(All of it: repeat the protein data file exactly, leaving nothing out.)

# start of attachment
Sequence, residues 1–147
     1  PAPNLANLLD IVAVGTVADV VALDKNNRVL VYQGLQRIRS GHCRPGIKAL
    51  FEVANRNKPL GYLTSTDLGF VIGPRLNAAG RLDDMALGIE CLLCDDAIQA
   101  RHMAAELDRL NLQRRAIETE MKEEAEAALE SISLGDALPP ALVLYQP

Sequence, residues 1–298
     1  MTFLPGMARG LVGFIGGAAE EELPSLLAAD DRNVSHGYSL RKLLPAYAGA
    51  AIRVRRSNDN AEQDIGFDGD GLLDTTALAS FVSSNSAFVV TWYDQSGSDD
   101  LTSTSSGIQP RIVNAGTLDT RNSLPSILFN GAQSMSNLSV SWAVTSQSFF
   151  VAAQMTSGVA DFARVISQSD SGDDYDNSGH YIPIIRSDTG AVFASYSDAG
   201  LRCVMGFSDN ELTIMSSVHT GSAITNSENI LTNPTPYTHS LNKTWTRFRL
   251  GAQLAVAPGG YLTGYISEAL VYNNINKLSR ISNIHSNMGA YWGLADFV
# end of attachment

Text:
Sequence, residues 1–147
     1  PAPNLANLLD IVAVGTVADV VALDKNNRVL VYQGLQRIRS GHCRPGIKAL
    51  FEVANRNKPL GYLTSTDLGF VIGPRLNAAG RLDDMALGIE CLLCDDAIQA
   101  RHMAAELDRL NLQRRAIETE MKEEAEAALE SISLGDALPP ALVLYQP

Sequence, residues 1–298
     1  MTFLPGMARG LVGFIGGAAE EELPSLLAAD DRNVSHGYSL RKLLPAYAGA
    51  AIRVRRSNDN AEQDIGFDGD GLLDTTALAS FVSSNSAFVV TWYDQSGSDD
   101  LTSTSSGIQP RIVNAGTLDT RNSLPSILFN GAQSMSNLSV SWAVTSQSFF
   151  VAAQMTSGVA DFARVISQSD SGDDYDNSGH YIPIIRSDTG AVFASYSDAG
   201  LRCVMGFSDN ELTIMSSVHT GSAITNSENI LTNPTPYTHS LNKTWTRFRL
   251  GAQLAVAPGG YLTGYISEAL VYNNINKLSR ISNIHSNMGA YWGLADFV